Double murderer Kajinek found after 40 days on the run
Forty days after his escape from the top-security Mirov prison, the most sought-for man in the Czech Republic, Jiri Kajinek, was hunted down by a special police unit in a Prague flat on Friday evening. Kajinek was serving a life sentence for murdering two people, and this was not for the first time he had escaped from prison. Alena Skodova has the details:
Although the Mirov prison in Moravia is one of the most strictly guarded prisons in the Czech Republic, housed in a hilltop fortress, on October 29th Kajinek managed to escape--the first prisoner ever to do so in Mirov's history.
Exactly 40 days later, he was recaptured by a rapid deployment police unit. Residents of the densely populated Velka Ohrada housing estate on the edge of Prague witnessed a dramatic scene on Friday evening as police burst into a fifth-floor flat, while two of their colleagues waited on the roof and two more dangled from ropes outside the building. They threw five or six acoustic detonators into the flat and broke in via the balcony.
Kajinek, who had let his beard grow to change his appearance, was lying naked in bed and sleeping. The convicted double-murderer had two pistols next to him and police also found a grenade in his bed. But during the operation not a single shot was fired, and everything went so fast that Kajinek did not manage even to stretch his hand out to reach for his gun.
During the assault Kajinek was wounded in the head, and the wound was stitched on the spot by a doctor. According to a police statement, Kajinek did not try to conceal his identity. The whole operation lasted less than a minute. With a sheet over his head Kajinek was then bundled into the police car and escorted to one of Prague's prisons.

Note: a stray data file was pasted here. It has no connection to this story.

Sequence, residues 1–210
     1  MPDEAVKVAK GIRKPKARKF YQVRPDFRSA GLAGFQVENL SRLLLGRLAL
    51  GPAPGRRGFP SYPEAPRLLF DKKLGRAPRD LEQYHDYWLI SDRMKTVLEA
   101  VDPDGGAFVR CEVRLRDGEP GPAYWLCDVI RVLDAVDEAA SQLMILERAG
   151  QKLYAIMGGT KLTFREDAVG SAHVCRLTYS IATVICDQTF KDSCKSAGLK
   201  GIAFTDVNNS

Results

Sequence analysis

"None of us had the slightest idea that Kajinek was staying so close by," one inhabitant in the Velka Ohrada housing estate told reporters. According to unofficial information, the flat belongs to the wife of one of Kajinek's fellow prisoners.
Police President Jiri Kolar told the press that police had known about Kajinek's hideout in Prague for more than two weeks and for the whole time had been preparing their tactics for the assault. The hideout had been found after hundreds of people, linked with Kajinek in one way or another, had been interrogated. After Kajinek's escape at the end of October, the police combed the area near the prison for several days, but after the possibility of Kajinek hiding near Mirov was ruled out, all clues led to Prague.
At the weekend, Jiri Kajinek was taken to the prison of Valdice in Eastern Bohemia. The general director of the Prison Service, Kamila Meclova, told journalists that she was not considering sending Kajinek elsewhere. The Czech Republic's most infamous criminal will be kept in a specially adapted cell, and prison officials insist that he has no chance of escaping again.